Dementia Cases to Triple by 2050

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A new report by the World Health Organization expects dementia cases to triple worldwide by 2050.

Extended life expectancy and improved medical care in poorer countries are predicted to contribute to the increase.

Dementia is a brain illness that affects memory, behavior, and the ability to perform common tasks. Most dementia patients are cared for by relatives at an annual cost of $604 billion.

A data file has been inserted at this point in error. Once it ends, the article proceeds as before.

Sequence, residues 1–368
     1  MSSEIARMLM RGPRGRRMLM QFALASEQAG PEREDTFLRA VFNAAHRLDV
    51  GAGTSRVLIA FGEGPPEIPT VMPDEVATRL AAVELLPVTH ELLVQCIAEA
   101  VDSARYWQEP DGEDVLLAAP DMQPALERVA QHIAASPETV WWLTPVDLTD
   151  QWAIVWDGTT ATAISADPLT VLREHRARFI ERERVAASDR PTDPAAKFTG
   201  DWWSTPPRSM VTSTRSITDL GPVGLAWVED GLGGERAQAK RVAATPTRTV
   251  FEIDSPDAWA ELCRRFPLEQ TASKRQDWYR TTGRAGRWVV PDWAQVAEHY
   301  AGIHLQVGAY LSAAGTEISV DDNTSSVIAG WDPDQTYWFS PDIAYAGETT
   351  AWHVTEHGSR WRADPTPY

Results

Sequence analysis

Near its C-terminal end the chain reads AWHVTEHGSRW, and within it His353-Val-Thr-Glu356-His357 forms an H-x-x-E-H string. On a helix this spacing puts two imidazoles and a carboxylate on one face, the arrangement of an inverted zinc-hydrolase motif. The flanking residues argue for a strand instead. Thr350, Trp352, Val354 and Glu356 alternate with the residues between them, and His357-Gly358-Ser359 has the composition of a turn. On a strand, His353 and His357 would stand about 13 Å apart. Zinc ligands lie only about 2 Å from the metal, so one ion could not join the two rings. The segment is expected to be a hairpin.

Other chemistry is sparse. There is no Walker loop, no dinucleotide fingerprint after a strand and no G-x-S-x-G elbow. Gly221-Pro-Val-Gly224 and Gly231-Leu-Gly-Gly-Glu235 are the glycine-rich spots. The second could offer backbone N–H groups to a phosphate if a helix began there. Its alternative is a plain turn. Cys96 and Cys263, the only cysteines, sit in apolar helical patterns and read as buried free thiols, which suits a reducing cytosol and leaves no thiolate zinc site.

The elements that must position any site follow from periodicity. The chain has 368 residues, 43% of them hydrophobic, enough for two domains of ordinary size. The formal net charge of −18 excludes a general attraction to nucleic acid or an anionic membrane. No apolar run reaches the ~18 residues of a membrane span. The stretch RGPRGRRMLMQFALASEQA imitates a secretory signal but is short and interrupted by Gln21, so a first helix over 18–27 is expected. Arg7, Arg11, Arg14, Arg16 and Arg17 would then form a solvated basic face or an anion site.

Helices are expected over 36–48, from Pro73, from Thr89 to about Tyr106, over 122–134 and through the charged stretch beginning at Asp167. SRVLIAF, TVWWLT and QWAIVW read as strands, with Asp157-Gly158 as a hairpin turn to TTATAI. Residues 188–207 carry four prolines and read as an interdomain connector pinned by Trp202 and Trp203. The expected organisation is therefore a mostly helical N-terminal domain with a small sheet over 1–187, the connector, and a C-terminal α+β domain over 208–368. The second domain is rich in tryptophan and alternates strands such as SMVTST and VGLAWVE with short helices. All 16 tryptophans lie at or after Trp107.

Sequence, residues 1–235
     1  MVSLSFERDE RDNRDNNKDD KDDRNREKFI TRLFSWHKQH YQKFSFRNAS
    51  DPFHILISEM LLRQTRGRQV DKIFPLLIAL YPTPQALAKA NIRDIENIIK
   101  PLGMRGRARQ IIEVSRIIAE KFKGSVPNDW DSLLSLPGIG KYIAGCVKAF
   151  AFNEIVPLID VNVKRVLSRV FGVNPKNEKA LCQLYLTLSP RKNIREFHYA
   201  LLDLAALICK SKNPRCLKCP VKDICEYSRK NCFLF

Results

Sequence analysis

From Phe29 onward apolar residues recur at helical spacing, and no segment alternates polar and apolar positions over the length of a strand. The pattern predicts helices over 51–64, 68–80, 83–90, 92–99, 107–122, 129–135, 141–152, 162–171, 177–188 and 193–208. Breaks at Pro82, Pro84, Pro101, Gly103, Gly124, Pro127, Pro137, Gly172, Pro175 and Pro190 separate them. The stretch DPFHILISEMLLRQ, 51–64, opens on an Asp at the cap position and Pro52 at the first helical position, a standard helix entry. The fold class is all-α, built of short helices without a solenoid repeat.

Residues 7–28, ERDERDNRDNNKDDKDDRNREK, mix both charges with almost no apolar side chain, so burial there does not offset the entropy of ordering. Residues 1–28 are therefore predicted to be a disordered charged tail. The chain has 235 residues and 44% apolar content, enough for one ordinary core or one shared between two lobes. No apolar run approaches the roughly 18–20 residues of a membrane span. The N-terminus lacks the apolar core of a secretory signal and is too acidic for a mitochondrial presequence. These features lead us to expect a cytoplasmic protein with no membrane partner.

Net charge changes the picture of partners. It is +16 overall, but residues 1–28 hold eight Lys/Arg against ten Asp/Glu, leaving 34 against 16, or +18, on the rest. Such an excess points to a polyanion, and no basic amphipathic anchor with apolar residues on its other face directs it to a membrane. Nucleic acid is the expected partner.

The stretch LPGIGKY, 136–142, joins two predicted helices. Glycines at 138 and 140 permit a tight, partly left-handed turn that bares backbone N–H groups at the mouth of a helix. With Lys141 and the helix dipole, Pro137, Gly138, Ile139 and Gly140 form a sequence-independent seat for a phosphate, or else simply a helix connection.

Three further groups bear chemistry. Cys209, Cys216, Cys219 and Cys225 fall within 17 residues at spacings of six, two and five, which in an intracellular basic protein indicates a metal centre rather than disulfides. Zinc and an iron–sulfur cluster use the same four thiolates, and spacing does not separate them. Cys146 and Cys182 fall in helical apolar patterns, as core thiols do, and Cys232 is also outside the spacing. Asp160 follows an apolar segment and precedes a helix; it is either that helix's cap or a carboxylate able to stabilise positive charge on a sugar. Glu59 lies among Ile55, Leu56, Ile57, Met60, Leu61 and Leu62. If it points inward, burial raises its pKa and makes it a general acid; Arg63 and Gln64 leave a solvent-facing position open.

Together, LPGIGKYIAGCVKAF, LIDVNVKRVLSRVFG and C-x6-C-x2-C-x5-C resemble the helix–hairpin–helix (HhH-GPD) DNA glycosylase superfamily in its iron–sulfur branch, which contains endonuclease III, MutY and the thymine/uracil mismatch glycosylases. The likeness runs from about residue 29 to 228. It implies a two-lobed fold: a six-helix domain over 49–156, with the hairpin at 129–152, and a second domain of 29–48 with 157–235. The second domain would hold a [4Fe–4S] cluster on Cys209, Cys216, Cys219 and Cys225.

WHO Director-General Margaret Chan said the disease produces catastrophic costs that drive "millions of households below the poverty line."

Currently, 35.6 million people suffer from the disease. But the United Nations health agency expects that number to almost double by 2030 to 65.7 million. By 2050, it is expected to reach 115 million.

According to the report, only eight countries have national programs aimed at fighting dementia. It urged policy makers to address the problems of the disease as soon as possible.

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